Conditions on the local trains on the northern line remain chaotic.
Bands of robbers wreak havoc on overfull trains where drugs are being used openly, while frightened commuters with no alternative public transport are forced to endure this lawlessness on a daily basis.
As the newly established Rail Enforcement Unit (REU) started reporting on its weekly successes last week, TygerBurger spoke to rail commuters from Brackenfell and Kuils River, who maintain that members of this unit are still “invisible” on the northern line.
During the last week of January the REU (a combined force between the City of Cape Town, Metrorail and the Provincial Government) conducted 81 inspections, arrested seven people and issued fines to the value of R9100 during stop-and-search actions at train stations and on trains along the northern and southern lines of the city.
In the northern suburbs the unit was joined by the Parow police.
Arrests were made mainly for the possession of drugs and stolen property, theft and malicious damage to property, and one for robbery with a weapon other than a firearm, according to a statement made by the unit last week. Weapons confiscated during the operations included knives and imitation firearms.
Felicity Purchase, Mayco member for transport and urban development, told TygerBurger that the operation also covered the areas on the lines between stations in an attempt to catch cable thieves.
In this regard 125m of copper railway signal cable, 60m of telephone cable, 6kg of copper cable, 37m of core cable, one hacksaw, a pair of pliers and a cutter were confiscated.
In total 491 stop-and-search actions were conducted, along with 81 hotspot inspections and 52 public assistance actions.
Purchase said she was pleased with the steady progress made by the REU.
Metrorail Western Cape regional manager Richard Walker added that it was gratifying to notice the inroads made into criminal incidents affecting the rail service.
“The proceeds of crime can be termed the third economy in the Cape and we cannot afford to rest on our laurels. The crime bosses will not relinquish profitable businesses easily and we should be aware that at best we displace crime from one area to another. Without the assistance of all spheres of law enforcement and active community vigilance, the battle will not be easily won,” he said.
But local commuters on the northern line say they haven’t seen much of this unit at stations or on trains, nor have conditions on trains improved.
Elmera* from Kuils River said this unit is not visible at all between Bellville and Cape Town.
“I only noticed them on the central line platform last week,” she told TygerBurger.
“I take the Kuils River Express, Strand and Muldersvlei trains and have never seen them on these trains. Often you find people who smoke dagga on the trains, and it is overcrowded with many passengers not even having tickets. This is the norm.”
Rosemary Watney, who travels from Kuils River, agrees.
“I have not seen them on the northern line at all, only at Cape Town Station. I saw them at Bellville Station only once,” she said.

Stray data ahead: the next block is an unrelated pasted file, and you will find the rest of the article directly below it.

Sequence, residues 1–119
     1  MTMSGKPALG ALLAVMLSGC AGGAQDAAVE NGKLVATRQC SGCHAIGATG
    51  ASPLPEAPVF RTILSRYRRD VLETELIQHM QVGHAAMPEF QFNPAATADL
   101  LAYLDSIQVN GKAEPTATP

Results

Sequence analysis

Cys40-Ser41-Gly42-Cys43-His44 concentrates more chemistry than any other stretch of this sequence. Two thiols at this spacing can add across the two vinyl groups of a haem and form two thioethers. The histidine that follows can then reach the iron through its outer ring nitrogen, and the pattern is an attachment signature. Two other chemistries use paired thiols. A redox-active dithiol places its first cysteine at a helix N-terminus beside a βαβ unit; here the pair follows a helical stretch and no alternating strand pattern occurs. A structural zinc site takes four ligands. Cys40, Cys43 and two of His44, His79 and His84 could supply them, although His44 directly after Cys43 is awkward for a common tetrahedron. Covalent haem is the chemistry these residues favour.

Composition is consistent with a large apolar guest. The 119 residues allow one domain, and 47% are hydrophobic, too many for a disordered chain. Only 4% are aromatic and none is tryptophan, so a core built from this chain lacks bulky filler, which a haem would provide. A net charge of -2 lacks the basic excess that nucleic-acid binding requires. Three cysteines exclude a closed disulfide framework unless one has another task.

An anonymous commuter said many of the recent violent crimes reported in the news took place on the northern line.
“It is evident that the northern line requires some sort of protection service, which has not been made available. People openly do drugs on the trains and rob commuters on the platforms.
“It is just one chaotic situation with no help in sight,” she said.
Heidi*, who also takes the the Xplus daily from Kuils River, said she has also never seen members of the REU.
“On the Xplus there is a guy sitting there every morning sorting out his dagga,” she said.
Catherine* said a colleague of hers was killed on the train two weeks ago, while on his way home.
“Some of my other work colleagues are now taking taxis. There is no other safe form of public transport for Kuils River,” she said.
According to Neil Theys, commuters in Eerste River and Blue Downs have the same problem.
“Gangs of men and women rob commuters during peak times in the morning and afternoon. The women are more brazen than the men. Hotspot stations include Elsies River to Kuils River and beyond to Eerste River. We are safe nowhere,” he said.
Rita* takes the train from Brackenfell to Cape Town every morning and evening.
“I saw the REU on the platform at Brackenfell Station once, but never on the train. I take the Metro Plus train where they used to check tickets, but not anymore. I pay R350 to stand the whole way while Metro ticket holders (who are not supposed to be on this train) take up all the seats,” she said.
She has also not noticed any improvement in law enforcement on the train.
“In the evening when other trains are cancelled, all the third-class commuters stand packed in first class. On Monday evening a gentleman had to pull me by my arm to get me safely out of the train at Brackenfell Station because I was being shoved around and back into the train as I tried to get out,” she said.
At the time of going to print TygerBurger had not yet received any comment from the City or Metrorail regarding the above statements.
To report illicit and suspicious activity on train lines in the northern suburbs, contact the Bellville office on 021 941 6800 or the radio control room on 021 449 4309..
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